Foot News

Phantom Limb Pain
August 27, 2011

Due to diabetes, peripheral vascular disease and trauma, the tragedy of limb amputation unfortunately continues to occur too frequently.  The fact that complications are common after amputation only adds to the despair and emotional stress of the procedure.  Phantom limb sensations are nearly universal after amputation.  In its most innocuous form, the person with the amputation is merely aware that the limb is still there and at times can even sense movement of the limb.  In approximately 50% of lower limb amputations, this sensation is painful sometimes terribly so.  It can occur up to one year after the amputation and can be excruciating.  It is confusing to understand how something that is no longer present can be painful and much about this phenomena is poorly understood, but some points can lead us to a general understanding about pain in other conditions.
            Pain is a complex sensation that is processed and experienced at many levels within the brain.  Our physical body is closely associated with a conceptual body within our consciousness and represented within our brain.  There is a portion of our brains that is intimately associated with sensations including pain.  In this portion of the brain, a specific area represents each part of our body.  Certain parts of the body that are particularly important for sensation like our hands and our faces are over-represented.  When an amputation occurs, the part of the brain that is devoted to sensing that portion of the body no longer receives normal sensory input.  The sensory system then undergoes reorganization; adjacent portions of the cortex involved in the sensation of other parts of the body migrate into this neglected area and the portions representing the amputated part can shift.  The amount of reorganization is correlated with the degree of pain.  Certain therapies that help with phantom limb pain are actually correlated with a normalization of these brain changes.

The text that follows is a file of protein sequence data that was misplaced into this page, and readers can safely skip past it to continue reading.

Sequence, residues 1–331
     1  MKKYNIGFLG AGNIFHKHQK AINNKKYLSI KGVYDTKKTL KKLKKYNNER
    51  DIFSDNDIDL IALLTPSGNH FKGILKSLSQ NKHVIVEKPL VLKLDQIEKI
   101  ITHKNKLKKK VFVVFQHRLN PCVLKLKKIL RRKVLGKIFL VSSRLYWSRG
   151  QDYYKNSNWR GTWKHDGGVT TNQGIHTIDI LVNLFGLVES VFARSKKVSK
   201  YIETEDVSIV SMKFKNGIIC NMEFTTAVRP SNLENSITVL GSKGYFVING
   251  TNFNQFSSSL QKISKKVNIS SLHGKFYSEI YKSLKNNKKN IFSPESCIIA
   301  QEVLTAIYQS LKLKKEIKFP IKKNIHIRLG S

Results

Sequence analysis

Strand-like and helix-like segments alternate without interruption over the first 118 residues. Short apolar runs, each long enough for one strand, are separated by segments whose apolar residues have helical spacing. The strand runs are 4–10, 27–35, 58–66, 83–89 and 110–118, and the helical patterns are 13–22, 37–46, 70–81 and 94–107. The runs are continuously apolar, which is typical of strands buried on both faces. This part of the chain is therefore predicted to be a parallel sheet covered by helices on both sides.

Similar changes have been cited in reflex sympathetic dystrophy above and may also be involved in a number of other painful conditions such as painful diabetic neuropathy and pain after nerve injuries.  Like in the other painful syndromes, medications may only incompletely help with this.
 However, Ramachadran has described a novel and interesting therapy recently.  By using mirrors that can give the appearance to the person suffering from phantom limb pain, the pain can be radically reduced.  The visual feedback can modulate the other senses and alter the painful phantom limb sensation.  The development of this therapy is still in its infancy and it remains to be seen whether similar techniques could lead to the treatment of other painful conditions.  Other researchers have done similar experiments with virtual reality techniques.